ITIL is culturally biased by its narrow and closed contributor base

ITIL is written by “service suppliers, training companies and academia in Britain, Canada and the USA” who know IT operations and cater to corporate business. That is a narrow authorship base for a framework that sets out to document IT Service Management. No authors from Asia. No authors from government, health, engineering, non-profits, or small business. And zero mechanisms for the disenfranchised to contribute. So how does anyone know it is universal best practice, and is it best for those other users?

ITIL is far from comprehensive

ITIL certainly does not cover all aspects of "IT Infrastructure" as the name suggests. It does not even cover all aspects of an IT Service Management Library, which would be a more accurate name for its scope. For a framework that pays much lip service to the Deming Plan-Do-Check-Act cycle, it is light on with any part of that cycle except "Do".

ITIL in Asia

The IT Skeptic is writing for ITSMWatch now. A recent discussion in that forum led to the IT Skeptic expressing opinions on ITIL in Asia:

The Craftsman and the Bazaar

Many of you will be familiar with that seminal work The Cathedral and the Bazaar, a manifesto of the open source movement. If not, I recommend you read it. Today I want to talk about a different perspective: the Craftsman and the Bazaar.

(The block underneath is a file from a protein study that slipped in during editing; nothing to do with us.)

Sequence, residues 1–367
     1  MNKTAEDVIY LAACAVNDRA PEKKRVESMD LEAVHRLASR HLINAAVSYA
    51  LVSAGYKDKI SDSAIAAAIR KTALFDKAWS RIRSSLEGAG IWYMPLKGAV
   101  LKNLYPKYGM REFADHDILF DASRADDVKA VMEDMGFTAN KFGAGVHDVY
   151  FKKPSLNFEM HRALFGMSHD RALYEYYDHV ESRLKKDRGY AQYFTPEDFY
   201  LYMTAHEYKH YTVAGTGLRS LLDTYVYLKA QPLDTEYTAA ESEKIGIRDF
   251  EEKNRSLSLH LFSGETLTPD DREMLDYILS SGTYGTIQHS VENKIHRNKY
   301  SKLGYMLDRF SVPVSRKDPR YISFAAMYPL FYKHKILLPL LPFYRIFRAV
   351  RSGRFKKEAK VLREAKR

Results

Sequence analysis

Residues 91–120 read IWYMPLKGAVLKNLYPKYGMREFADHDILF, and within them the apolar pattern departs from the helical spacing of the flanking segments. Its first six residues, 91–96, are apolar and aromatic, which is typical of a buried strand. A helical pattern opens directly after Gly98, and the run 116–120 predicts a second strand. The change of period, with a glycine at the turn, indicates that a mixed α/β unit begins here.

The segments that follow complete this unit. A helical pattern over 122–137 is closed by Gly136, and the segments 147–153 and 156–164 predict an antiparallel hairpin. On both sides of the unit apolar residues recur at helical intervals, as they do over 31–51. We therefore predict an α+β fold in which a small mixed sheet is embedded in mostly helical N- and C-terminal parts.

Quiet around here

The IT Skeptic has been quiet for a while. I've been programming. Dunno about you but when I'm cutting code it consumes me: nothing else gets done until I've got it working.

"It" is a family records site for my extended family, with working HTML-based family tree, done in PHP. Great fun.

An oldie but a goodie: software salesman dies and goes to Heaven...

This software salesman dies and, by some bookkeeping error, goes to Heaven. He gets issued with his halo and harp and assigned a cloud. He sits for a few days strumming the harp, perfect weather every day, constant peace and tranquillity.

After day four, he gets up and walks back to St Peter at the gates. “Hey buddy, does anything ever happen here?”

The cure for the common cult of "ITIL by the book"

What a great line: "the cure for the common cult". Oooh, I wish I had thought of that, but I didn't. It comes from a recent article by Brian Johnson, one of the original authors of ITIL and an occasional contributor of comments on this blog.

The key to living without CMDB is process maturity level

This article has been podcast

Yes you can do without CMDB, so long as you are aiming at not too high a maturity level, say 3. The trick is to remember that you don't adopt a process, you improve it. If we aspire to a moderate level of maturity, then yes we can do without a CMDB. Plenty of people do.

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